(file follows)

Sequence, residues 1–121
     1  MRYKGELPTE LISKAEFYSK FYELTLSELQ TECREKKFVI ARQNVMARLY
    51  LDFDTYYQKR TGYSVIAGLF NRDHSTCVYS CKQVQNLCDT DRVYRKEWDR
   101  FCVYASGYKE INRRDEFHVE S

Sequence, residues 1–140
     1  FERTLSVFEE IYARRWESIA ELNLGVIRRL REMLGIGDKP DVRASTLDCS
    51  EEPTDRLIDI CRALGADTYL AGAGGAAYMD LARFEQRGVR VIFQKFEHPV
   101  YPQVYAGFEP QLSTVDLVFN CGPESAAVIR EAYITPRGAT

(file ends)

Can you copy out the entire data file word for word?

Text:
Sequence, residues 1–121
     1  MRYKGELPTE LISKAEFYSK FYELTLSELQ TECREKKFVI ARQNVMARLY
    51  LDFDTYYQKR TGYSVIAGLF NRDHSTCVYS CKQVQNLCDT DRVYRKEWDR
   101  FCVYASGYKE INRRDEFHVE S

Sequence, residues 1–140
     1  FERTLSVFEE IYARRWESIA ELNLGVIRRL REMLGIGDKP DVRASTLDCS
    51  EEPTDRLIDI CRALGADTYL AGAGGAAYMD LARFEQRGVR VIFQKFEHPV
   101  YPQVYAGFEP QLSTVDLVFN CGPESAAVIR EAYITPRGAT